Tag Archive for: TxDOT

TxDOT, LHRA Engage Kingwood at Northpark Phase II Meeting

On 3/7/24, TxDOT, the Lake Houston Redevelopment Authority/TIRZ10 and the City of Houston hosted an open house at the Kingwood Community Center to share detailed project plans at a Northpark Phase II Meeting. The informal “come-and-go-when-you want” style of the meeting gave authorities a chance to mingle with residents and solicit their feedback on plans.

Two hundred and forty-six people attended the Phase II meeting in person or virtually.

Objectives of Project

In addition to reducing traffic congestion, one of the main goals is to elevate Northpark Drive above the 100-year floodplain to create an all-weather evacuation route for area residents. Other goals include preparing for anticipated growth and improving pedestrian/bicycle safety.

Different Lanes for Different Pains

As with Phase I, roads will be elevated. Lanes will be both added and widened. Eleven-foot-wide lanes will expand to 12 feet. And 10-foot-wide sidewalks will be added, enabling bicyclists and pedestrians to pass each other easily.

Proposed improvements to Northpark Drive extend from 750 feet east of Russell Palmer Road to 800 feet east of Woodland Hills Drive, in Harris and Montgomery Counties. The project would include the reconstruction and widening of approximately one mile of Northpark Drive from a four-lane to a six-lane roadway.

TXDoT broke Phase II into three sections based on current lane configurations and traffic conditions.

  • Section A starts about halfway between Russell-Palmer and the Kingwood Diversion Ditch and goes up to the Ditch. “A” also includes the Woodland Hills/Northpark Drive Intersection.
  • Section B goes from the Ditch to the start of the Northpark Place Commercial Association.
  • Section C includes businesses inside Kingwood almost to Woodland Hills, where Section A restarts.

The three lanes would include two 12-foot-wide main lanes in each direction; left and right turning lanes; and 1-foot-wide outside/inside shoulders.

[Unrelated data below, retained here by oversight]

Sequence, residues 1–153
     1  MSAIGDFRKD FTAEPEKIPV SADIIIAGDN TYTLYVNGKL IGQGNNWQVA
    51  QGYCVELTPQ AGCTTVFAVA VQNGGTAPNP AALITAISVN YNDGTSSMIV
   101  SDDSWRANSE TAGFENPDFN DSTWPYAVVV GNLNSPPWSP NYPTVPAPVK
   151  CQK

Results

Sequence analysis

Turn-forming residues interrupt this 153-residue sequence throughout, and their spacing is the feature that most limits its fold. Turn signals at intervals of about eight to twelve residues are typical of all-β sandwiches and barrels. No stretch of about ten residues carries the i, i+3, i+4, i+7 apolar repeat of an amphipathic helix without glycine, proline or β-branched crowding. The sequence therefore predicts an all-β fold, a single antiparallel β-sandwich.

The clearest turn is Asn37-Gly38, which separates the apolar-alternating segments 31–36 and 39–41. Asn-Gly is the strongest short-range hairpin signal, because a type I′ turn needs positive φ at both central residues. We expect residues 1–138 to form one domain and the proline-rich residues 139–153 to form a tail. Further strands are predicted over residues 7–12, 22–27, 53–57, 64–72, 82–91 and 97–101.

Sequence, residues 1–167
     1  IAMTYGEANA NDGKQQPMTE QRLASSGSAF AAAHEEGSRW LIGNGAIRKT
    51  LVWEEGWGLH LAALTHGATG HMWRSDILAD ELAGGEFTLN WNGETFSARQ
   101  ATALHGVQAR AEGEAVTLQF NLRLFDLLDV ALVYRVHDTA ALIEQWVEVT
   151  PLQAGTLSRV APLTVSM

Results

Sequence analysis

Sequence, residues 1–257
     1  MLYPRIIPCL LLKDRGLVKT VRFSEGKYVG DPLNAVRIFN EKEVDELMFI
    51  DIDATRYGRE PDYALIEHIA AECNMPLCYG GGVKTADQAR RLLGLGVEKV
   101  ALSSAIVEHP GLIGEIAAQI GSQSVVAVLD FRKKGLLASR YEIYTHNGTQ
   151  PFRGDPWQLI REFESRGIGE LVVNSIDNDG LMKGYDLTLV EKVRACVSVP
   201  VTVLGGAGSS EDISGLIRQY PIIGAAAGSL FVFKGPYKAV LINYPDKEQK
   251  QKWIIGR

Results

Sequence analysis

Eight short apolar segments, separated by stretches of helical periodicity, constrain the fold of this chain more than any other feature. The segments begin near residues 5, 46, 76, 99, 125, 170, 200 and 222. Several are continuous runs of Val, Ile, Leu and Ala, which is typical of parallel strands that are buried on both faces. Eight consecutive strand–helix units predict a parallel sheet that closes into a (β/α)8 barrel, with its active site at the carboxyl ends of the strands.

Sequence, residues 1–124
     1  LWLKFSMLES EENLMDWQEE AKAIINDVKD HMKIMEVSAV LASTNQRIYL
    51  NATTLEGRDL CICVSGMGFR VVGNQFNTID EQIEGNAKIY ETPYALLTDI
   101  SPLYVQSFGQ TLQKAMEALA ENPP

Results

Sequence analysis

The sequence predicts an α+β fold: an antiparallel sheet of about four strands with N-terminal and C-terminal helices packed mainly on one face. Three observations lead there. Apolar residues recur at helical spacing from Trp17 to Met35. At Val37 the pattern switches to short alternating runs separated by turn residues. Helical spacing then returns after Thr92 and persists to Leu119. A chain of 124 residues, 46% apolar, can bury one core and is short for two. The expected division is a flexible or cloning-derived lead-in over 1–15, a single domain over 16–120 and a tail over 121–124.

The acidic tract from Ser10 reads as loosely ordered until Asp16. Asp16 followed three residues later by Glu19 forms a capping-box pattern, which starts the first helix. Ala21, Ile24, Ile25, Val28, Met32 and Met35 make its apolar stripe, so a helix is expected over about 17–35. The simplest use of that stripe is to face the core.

The area where the grassy median is today would be repurposed to use as turning lanes or additional travel lanes.

TxDOT

The wooden pylon sign that says “Kingwood” will go. However, according to Dee Price, KSA President, the serpentine wall that heralds “The Livable Forest” would remain after construction.

Reconstruction will also include new signals at the Woodland Hills Drive and Hidden Pines Drive intersections.

To reduce flooding, the project also includes new drainage features, such as open ditches, curb-and-gutter, and one stormwater-detention basin in a location yet to be determined.

See additional details about what will happen in each section in this presentation or these meeting handouts.

Still Time to Provide Public Comment

If you missed the meeting last night, you can still provide public input. Review the materials above and send your comments via:

  • Email to: hou-piowebmail@txdot.gov
  • Mail to:
    • TxDOT Houston District
    • Advanced Project Development Director
    • P.O.Box 1386
    • Houston, Texas 77251-1386

If you own a business along Northpark, don’t miss this preliminary schematic construction diagram that shows rights of way and more plan details.

Business owners especially need to understand how a change in traffic patterns could affect their businesses.

Construction is still several years away. The most likely start date: 2027. Between now and then, project managers will focus on environmental surveys, detailed design, and right-of-way acquisition.

Upcoming Schedule

LHRA has also provided a three-week look-ahead schedule to show you what will happen when.

Two important items on it include:

  • Starting on March 11, one lane will close on Russell Palmer during installation of the temporary signals.
  • The water line to Parkwood Baptist Church which held up construction has now been repaired. A crew will soon splice in the missing piece of culvert with a concrete sleeve to tie adjacent sections together.

For More Information

For more information about the project including Phase I, visit the project pages of the LHRA/Tirz 10 website. Or see these posts on ReduceFlooding:

Posted by Bob Rehak on 3/8/24

2383 Days since Hurricane Harvey

Grand Parkway Extension is Getting There

TxDOT’s Grand Parkway extension (a.k.a. State Highway 99) is rapidly moving east and south toward I-10. As it arcs around the northeast quadrant of the Houston Metro Area, it will open up vast new areas to development. Below is a map showing several already under development.

New Developments Already Under Way

New developments that will take advantage of mobility improvements brought about by the Grand Parkway extension. From City of Houston Plat Tracker. Gray area is City’s Extra-Territorial Jurisdiction (ETJ).

East Fork Crossing: Tale of Two Bridges

Yesterday, as I was photographing different areas near Huffman and New Caney near the San Jacinto East Fork, I captured these shots of the Grand Parkway extension and FM1485. The Grand Parkway is still under construction in this area, but it’s rapidly getting there.

SH99 and FM 1485, looking northeast toward Colony Ridge and Liberty County.
SH 99 and FM 1485 looking north with San Jacinto East Fork running through middle of frame from top to bottom.
SH 99 and FM 1485 Looking east over San Jacinto East Fork

In March, this Grand Parkway in this area was nothing but dirt. By June, they were clearing land down to the Luce Bayou InterBasin Transfer Canal. Now it’s concrete as far as the eye can see. At least from the East Fork.